Leading the list is the return of Disney Dining and Disney Quick Service Dining Plans, which again will be available on Disney World packages that include a Disney Resort hotel stay, beginning January 9, 2024. The plans include more than 100 dining venues across the park.

Also beginning January 9, guests will no longer be required to have theme park reservations in order to buy date-based tickets at Walt Disney World, and annual passholders and cast members will be offered occasional “good-to-go days” when they can visit the parks without a reservation.

Disney also said that early park entry (for all Disney Resort hotel guests) and extended evening hours (for guests staying at Disney Deluxe Resort Hotels and Disney Deluxe Villas) will continue through 2024, and that it is working on ways to help guests plan Disney Genie+ service and Lightning Lane selections in advance of their visits, rather than only on the same day.

Tickets for the 2024 season at Walt Disney World will go on sale May 31, and Disney then will also release complete details on the new dining plans, it said. But the company did say the plans will allow guests to make dining reservations up to 60 days in advance of their trip.

Insiders attribute the renewed focus on the guests experience to the return of Bob Iger, who six months ago canceled his retirement and returned to Disney as CEO. Since then Walt Disney World has stopped charging for overnight self-parking, allowed annual passholders to visit after 2 p.m. without a reservation, offered free digital downloads of photos on rides for guests using Disney’s Genie+, ramped up character meet-and-greets, added new characters, and restored annual passes.

My wife and I have been cruising to Australia for nearly 25 years. During that time, we have never paid gratuities on any ship we’ve sailed. Some have been luxury lines, such as Silversea, where gratuities are never charged; others have been mid-priced, such as Azamara and Celebrity, where tipping is customary despite the fact they are (or were) owned by the same corporate entity.

The reason is explained in an article by Sally Macmillan, Tipping on Ships: An Australian Culture Clash, which starts off: Read the rest of this entry »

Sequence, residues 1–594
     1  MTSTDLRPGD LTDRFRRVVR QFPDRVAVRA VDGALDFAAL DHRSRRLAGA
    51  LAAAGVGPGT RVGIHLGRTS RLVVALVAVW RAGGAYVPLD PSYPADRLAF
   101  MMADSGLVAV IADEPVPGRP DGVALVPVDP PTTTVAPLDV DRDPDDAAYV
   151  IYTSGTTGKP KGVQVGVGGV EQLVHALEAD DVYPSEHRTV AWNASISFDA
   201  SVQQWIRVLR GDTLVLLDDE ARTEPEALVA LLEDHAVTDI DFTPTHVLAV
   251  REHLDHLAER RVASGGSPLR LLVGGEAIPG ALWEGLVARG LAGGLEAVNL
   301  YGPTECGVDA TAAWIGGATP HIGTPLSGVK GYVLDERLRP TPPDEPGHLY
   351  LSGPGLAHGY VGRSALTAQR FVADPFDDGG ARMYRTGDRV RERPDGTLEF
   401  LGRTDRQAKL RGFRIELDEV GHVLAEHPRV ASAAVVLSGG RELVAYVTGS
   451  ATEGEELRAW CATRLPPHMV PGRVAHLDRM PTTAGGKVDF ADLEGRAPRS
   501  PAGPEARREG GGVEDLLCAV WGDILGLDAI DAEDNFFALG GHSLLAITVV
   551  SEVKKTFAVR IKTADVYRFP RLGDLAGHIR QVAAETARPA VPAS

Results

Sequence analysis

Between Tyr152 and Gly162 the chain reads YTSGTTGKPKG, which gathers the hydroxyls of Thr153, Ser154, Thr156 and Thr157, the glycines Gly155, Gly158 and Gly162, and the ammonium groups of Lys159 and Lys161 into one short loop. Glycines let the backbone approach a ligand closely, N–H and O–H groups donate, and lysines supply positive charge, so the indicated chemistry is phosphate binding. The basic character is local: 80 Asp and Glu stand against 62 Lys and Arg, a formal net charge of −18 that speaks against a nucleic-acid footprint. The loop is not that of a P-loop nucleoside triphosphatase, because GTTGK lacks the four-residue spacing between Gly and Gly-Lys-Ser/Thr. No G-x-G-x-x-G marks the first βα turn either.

I have always endorsed the practice of identifying one’s strengths and focusing on that strength to make even stronger, or more prominent. Many sales professionals think it is time well-spent to isolate a particular weakness and focus on improving upon that lacking skill. I suppose there will always be two sides to that coin. Read the rest of this entry »

We all know the basics, right? Traveling is an exciting adventure to explore new places, cultures, and experiences. However, no matter how well planned, unforeseen circumstances can always arise, risking financial loss and physical harm. The solution? Travel insurance! And not only does it protect your client, but it also pays you handsomely as well.  But how to impress upon a client the need?

We only need to look at the  Celebrity cruise where a deceased passenger was held in a beverage cooler. Insurance would not have prevented the death but would have covered a re-patriation if needed. Read the rest of this entry »

Self Image

How we see ourselves and the profession of travel counseling has much to do with sales psychology. For travel agents the problem is two-fold: The first aspect concerns societal perception of the travel profession in general. The second deals with the individual travel consultant’s personal self-image. Being consciously aware of the influence of these two aspects of one’s personality and working to place self-image in its appropriate context is a worthwhile exercise in becoming a better travel professional. Read the rest of this entry »